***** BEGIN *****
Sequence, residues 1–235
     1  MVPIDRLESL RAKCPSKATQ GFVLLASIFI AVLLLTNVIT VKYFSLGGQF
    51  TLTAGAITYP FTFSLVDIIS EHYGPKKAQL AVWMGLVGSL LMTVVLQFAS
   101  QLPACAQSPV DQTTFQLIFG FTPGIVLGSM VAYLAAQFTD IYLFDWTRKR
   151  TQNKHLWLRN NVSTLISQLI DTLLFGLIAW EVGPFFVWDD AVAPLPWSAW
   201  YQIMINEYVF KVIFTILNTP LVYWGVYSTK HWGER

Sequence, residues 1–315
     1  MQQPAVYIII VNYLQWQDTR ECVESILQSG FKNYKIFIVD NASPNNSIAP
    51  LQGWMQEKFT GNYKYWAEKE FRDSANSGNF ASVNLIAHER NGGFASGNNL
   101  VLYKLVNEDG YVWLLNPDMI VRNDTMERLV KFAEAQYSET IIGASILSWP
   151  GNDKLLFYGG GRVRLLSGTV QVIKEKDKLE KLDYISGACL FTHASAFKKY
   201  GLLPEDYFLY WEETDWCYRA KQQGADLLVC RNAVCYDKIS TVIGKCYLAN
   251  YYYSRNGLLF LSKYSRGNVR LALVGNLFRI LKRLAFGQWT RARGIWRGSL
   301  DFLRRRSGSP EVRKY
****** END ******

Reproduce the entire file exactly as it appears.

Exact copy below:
Sequence, residues 1–235
     1  MVPIDRLESL RAKCPSKATQ GFVLLASIFI AVLLLTNVIT VKYFSLGGQF
    51  TLTAGAITYP FTFSLVDIIS EHYGPKKAQL AVWMGLVGSL LMTVVLQFAS
   101  QLPACAQSPV DQTTFQLIFG FTPGIVLGSM VAYLAAQFTD IYLFDWTRKR
   151  TQNKHLWLRN NVSTLISQLI DTLLFGLIAW EVGPFFVWDD AVAPLPWSAW
   201  YQIMINEYVF KVIFTILNTP LVYWGVYSTK HWGER

Sequence, residues 1–315
     1  MQQPAVYIII VNYLQWQDTR ECVESILQSG FKNYKIFIVD NASPNNSIAP
    51  LQGWMQEKFT GNYKYWAEKE FRDSANSGNF ASVNLIAHER NGGFASGNNL
   101  VLYKLVNEDG YVWLLNPDMI VRNDTMERLV KFAEAQYSET IIGASILSWP
   151  GNDKLLFYGG GRVRLLSGTV QVIKEKDKLE KLDYISGACL FTHASAFKKY
   201  GLLPEDYFLY WEETDWCYRA KQQGADLLVC RNAVCYDKIS TVIGKCYLAN
   251  YYYSRNGLLF LSKYSRGNVR LALVGNLFRI LKRLAFGQWT RARGIWRGSL
   301  DFLRRRSGSP EVRKY